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 Posted:   Jul 20, 2014 - 12:09 PM   
 By:   haineshisway   (Member)

Damn it, I totally missed this. I guess because I don't come on here too often [I do like it here, I just have a busy life]. Do you think it might be reissued?

We have some left if you drop me an e-mail.

O wow, thanks!! There doesn't seem to be an email-to-other-members option on this site though unless I'm having a really dumb day, which is possible. Do I just send an email on the Krizterland site?

Yes, our e-mail is all over the Kritzerland site, but it's kritzerland at gmail dot com

 Posted:   Jul 21, 2014 - 10:33 AM   
 By:   Dr Lenera   (Member)

Thanks very much, email sent.

 Posted:   Jul 25, 2014 - 8:33 PM   
 By:   Basil Wrathbone   (Member)

- who is the female vocalist in track 23?

Sounds like a male vocalist to me.

 Posted:   Jul 25, 2014 - 9:00 PM   
 By:   Josh   (Member)

- who is the female vocalist in track 23?

Sounds like a male vocalist to me.

That was my immediate assumption as well.

 Posted:   Jul 31, 2014 - 12:07 PM   
 By:   Bishop   (Member)

Bruce, please be so kind and check your emails!

Got a certain emergency-request for you ...

 Posted:   Nov 13, 2014 - 7:33 AM   
 By:   JeffM   (Member)

Most of the e-bay listings are around $60 now. Better than what it was going for on there, but still a bit too rich for my blood.

 Posted:   Dec 10, 2014 - 8:22 PM   
 By:   Howard L   (Member)

IAWL and On The Waterfront arrived via yesterday's mail. That happy circumstance alone deserves a thread of its own. And that rhyme is sheer poetry on two fronts.

Anyway, which one to listen to first. Talk about an embarrassment of riches. IAWL won out. Standout tracks, as I figured ahead of time, proved to be Main Title/Heaven, Pottersville Cemetery, and Wrong Mary Hatch. Re PC, I've always felt from watching the movie that it was precursor music to Tiomkin's entire score for The Thing that was just a few years down the road. I think a lot of it has to do with his subtle use of the piano.

Have more to comment on per this entire thread and hope to do so in near future.

 Posted:   Apr 6, 2015 - 1:45 PM   
 By:   Howard L   (Member)

OK this is as near to the future as it gets these days.

I went into the full listen of the CD with a keen ear for the score as heard from seeing the film a cazillion times. And man, what a strange experience. Several times I'm thinking, "wait, that wasn't in the movie," or "wait, that's not the same key as heard in the movie," or "wait, maybe it's in the movie but I just never heard it because of the sound level or something."

I just returned to this thread and read it through for the first time. Phew! I'm not out of my mind's ear.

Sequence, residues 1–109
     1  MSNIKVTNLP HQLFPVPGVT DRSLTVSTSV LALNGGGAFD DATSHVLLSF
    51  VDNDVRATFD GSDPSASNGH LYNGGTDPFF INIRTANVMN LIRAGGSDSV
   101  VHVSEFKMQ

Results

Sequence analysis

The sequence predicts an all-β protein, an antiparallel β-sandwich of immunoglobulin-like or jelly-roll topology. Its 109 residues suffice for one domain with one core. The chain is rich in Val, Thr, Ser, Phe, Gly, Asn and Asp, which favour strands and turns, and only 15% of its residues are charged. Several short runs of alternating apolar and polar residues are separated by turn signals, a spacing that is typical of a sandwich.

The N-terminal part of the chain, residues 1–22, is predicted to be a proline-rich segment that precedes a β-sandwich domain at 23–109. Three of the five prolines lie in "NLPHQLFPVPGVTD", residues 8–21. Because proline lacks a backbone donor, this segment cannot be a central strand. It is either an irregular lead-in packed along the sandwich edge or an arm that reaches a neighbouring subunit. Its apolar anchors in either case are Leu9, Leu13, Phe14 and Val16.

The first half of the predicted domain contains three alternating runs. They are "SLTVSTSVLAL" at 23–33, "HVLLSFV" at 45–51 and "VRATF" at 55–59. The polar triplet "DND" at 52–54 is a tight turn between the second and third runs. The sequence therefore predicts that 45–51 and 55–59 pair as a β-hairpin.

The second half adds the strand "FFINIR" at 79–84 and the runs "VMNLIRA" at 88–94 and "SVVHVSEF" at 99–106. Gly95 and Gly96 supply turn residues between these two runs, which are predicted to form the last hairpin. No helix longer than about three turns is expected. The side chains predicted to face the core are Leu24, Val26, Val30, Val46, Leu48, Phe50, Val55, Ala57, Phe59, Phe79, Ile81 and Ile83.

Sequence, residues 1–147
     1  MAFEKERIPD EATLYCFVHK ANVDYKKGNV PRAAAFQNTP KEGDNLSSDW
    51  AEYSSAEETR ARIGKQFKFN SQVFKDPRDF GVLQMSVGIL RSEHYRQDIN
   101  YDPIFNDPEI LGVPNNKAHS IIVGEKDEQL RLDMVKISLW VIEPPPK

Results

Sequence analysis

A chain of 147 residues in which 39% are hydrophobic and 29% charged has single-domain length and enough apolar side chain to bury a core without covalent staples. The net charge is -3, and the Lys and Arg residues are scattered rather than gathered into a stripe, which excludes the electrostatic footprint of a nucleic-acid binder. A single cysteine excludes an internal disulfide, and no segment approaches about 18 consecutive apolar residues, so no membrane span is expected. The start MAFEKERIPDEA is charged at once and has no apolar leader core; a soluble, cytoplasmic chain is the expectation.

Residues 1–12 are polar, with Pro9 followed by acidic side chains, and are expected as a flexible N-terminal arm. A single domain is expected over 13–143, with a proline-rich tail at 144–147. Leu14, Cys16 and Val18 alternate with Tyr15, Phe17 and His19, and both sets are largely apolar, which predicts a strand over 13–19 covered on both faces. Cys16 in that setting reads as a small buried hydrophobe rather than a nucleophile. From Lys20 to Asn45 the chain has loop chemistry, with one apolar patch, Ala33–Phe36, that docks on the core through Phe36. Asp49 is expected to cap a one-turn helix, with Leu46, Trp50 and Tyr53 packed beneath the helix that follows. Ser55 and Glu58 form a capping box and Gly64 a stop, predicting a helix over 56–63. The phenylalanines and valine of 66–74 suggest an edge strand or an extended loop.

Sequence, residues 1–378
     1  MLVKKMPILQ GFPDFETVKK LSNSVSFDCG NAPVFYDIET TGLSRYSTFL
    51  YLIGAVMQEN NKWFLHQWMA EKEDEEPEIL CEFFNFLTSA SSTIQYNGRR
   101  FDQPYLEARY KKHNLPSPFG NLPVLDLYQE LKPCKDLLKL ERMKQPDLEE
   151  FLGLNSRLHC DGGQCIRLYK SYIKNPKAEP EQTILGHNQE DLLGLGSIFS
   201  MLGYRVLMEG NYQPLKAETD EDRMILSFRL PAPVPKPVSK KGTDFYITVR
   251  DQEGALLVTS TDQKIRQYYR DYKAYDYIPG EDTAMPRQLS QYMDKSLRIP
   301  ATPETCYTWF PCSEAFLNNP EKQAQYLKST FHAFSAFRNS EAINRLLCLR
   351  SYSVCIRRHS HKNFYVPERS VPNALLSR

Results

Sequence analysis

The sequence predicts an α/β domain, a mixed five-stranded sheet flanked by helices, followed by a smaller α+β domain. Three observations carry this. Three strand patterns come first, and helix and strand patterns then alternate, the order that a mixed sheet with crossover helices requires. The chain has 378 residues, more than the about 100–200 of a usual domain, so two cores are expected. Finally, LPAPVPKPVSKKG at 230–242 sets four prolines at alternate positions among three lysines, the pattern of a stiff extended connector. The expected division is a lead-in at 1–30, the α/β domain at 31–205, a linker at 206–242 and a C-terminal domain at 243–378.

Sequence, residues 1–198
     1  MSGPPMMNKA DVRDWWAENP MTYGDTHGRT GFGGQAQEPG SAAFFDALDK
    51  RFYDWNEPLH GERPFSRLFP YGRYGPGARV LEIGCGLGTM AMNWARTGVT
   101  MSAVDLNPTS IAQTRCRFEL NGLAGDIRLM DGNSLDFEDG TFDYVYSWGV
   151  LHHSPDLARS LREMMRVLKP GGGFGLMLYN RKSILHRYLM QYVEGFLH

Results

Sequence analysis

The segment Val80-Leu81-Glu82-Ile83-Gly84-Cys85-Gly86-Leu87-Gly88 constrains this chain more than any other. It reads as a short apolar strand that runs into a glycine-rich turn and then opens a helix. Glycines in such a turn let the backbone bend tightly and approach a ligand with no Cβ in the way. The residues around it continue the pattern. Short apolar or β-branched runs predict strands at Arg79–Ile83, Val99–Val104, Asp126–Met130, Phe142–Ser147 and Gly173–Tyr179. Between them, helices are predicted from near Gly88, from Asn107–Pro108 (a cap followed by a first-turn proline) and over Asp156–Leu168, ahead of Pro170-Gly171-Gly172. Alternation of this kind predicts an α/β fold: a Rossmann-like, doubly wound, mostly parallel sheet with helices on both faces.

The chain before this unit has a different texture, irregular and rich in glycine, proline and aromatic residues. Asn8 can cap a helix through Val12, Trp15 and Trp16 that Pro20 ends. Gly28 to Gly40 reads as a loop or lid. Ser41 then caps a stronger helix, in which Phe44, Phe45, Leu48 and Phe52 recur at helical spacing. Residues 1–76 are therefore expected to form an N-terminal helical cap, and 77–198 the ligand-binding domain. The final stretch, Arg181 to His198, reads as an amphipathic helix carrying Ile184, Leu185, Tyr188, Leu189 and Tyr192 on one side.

But before I return with the usual long-winded review:

I looked at the track listing - is "Big Band" the BUFFALO GALS recording?

I'm almost certain "Big Band" was in the Nick's Bar scene. It's either that or one of the cues in the sequence when George goes past the seedy joints in downtown Pottersville.

"Big Band" seems to be all that survived of the source music for Pottersville (one of the few examples of good music editing in the film).

Thank you, JSDouglas, for additional confirmation per m'mind's ear.

We don't know who the vocalist was or we would have included that information.

About track 23, my ear says it's not a female vocalist, but a male tenor (in the style of singers like Morton Downey, Sr.)

Yeah, an Irish tenor type, for sure. And what band backed him up? Methinks I shall not rest until the mystery is sol-ved.

Thank you very much for providing that valuable and essential breakdown and at least it saves me the job of trying to do the same! It's the sort of thing which should of course be documented in the CD booklet But I suppose none of us are going to change BK's oft-stated position that he doesn't personally want such information and that "it's all about the music" 

Mr. Raynes speaks for me too, JSDouglas!
Here is something I just found courtesy of the young lady with the petals:

 Posted:   Apr 7, 2015 - 7:21 AM   
 By:   Howard L   (Member)

By my reckoning, it must have been the mid-to-late 70s or early 80s when I came to It's A Wonderful Life. If the memory is further correct, that's when it had hit public domain status and local broadcast channels. Prints were far from the greatest and TV edits to the film were a crapshoot.

My very first exposure, actually, may well have been snippets from a "Hollywood and the Stars" broadcast many moons earlier. Either way, what caught my attention were scenes from the if-he'd-never-been-born section. I know my Twilight Zone when I see it, and what I saw was pure Serlingesque.